HomeHigh Speed RailFinding the people to make HS2 happen
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Every time I walk into work, I notice Birmingham is in the midst of a renaissance. Not a month goes by without a new commercial building opening or another construction project breaking ground.

In 2017, the project to build the UK’s first intercity high-speed railway was at the centre of this flourishing England’s second city. Work to build the new HS2 Curzon Street station got underway in Birmingham city centre in November, with enabling works to clear the ground, the start of archaeological digs as well as utilities surveys.

Meanwhile newly opened office buildings have filled up with hundreds of staff who are delivering these enabling works. They work at joint ventures like Fusion (Morgan Sindall, BAM Nuttall and Ferrovial Agroman) and the LMJV (Laing O’Rourke and J Murphy & Sons). They are already being followed by the organisations responsible for the civil engineering and construction contracts: CEK JV (Carillion, Eiffage and Kier) and BBV JV (Balfour Beatty and Vinci).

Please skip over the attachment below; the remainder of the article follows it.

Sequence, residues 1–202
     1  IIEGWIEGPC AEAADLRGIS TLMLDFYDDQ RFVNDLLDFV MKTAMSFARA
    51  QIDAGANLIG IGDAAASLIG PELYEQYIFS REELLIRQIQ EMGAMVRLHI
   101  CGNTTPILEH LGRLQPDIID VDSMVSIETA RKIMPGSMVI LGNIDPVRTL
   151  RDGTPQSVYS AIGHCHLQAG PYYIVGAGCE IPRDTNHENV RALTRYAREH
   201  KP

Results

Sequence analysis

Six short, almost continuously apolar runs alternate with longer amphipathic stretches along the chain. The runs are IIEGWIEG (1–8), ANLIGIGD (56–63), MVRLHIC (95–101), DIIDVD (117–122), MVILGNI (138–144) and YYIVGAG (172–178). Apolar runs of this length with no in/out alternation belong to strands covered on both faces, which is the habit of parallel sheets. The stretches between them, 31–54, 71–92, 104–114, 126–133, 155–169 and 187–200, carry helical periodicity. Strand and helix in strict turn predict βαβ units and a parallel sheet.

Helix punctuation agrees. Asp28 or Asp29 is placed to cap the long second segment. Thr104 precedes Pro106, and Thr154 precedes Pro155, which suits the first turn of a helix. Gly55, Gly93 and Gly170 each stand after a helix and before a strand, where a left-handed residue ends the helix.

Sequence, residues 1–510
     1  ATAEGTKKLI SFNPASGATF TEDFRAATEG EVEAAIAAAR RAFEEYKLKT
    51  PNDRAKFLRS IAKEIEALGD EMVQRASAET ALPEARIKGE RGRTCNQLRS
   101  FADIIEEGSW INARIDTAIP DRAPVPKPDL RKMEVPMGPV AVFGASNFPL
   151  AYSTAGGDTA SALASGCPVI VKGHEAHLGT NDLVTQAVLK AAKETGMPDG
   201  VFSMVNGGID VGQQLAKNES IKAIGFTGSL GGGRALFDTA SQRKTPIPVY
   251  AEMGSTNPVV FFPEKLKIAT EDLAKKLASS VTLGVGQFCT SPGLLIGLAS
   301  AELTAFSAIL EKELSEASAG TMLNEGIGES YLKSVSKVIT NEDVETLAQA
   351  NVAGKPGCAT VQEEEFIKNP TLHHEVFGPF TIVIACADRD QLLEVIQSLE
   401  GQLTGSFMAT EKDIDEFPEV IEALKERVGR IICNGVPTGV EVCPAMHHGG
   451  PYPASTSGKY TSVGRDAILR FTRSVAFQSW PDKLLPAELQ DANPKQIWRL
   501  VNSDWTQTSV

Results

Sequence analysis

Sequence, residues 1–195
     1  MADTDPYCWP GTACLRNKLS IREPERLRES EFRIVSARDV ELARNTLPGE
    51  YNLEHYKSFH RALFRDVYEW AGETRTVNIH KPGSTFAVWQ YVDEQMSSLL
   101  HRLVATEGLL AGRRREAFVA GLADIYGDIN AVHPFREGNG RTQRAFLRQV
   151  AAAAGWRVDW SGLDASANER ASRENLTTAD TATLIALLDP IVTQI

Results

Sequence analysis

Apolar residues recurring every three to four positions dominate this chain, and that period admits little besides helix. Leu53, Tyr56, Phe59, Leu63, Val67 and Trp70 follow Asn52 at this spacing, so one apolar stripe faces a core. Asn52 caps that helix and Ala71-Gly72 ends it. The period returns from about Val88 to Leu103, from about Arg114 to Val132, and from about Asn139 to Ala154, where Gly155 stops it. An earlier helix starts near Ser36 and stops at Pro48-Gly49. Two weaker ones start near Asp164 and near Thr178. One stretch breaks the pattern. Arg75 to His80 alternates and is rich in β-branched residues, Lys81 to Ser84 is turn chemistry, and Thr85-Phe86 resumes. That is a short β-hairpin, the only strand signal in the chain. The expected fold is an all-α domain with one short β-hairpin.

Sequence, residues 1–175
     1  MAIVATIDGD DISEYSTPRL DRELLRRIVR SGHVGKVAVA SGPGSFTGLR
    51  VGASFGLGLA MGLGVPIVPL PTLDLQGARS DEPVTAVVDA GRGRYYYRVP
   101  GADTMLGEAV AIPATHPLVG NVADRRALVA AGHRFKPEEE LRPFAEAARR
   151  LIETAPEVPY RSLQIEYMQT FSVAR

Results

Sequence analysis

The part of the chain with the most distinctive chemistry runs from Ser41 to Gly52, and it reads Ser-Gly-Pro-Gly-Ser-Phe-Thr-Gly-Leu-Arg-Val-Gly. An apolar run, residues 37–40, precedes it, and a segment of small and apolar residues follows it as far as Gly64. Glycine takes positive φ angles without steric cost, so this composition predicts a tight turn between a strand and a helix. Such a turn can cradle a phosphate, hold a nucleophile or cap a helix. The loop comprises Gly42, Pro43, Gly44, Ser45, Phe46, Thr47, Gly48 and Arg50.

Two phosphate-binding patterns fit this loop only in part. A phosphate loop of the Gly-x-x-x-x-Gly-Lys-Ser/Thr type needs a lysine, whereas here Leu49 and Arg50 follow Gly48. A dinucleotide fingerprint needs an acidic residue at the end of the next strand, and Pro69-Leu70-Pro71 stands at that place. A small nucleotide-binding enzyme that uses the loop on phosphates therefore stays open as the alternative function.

In total, 25,000 people will be employed to build HS2, including at least 2,000 apprentices. HS2’s apprentices aren’t only young people taking their first steps in the working world or switching industries with HS2; they are also existing railway, construction or engineering workers who are taking this opportunity to upskill and get to grips with the technology that makes high-speed rail travel possible.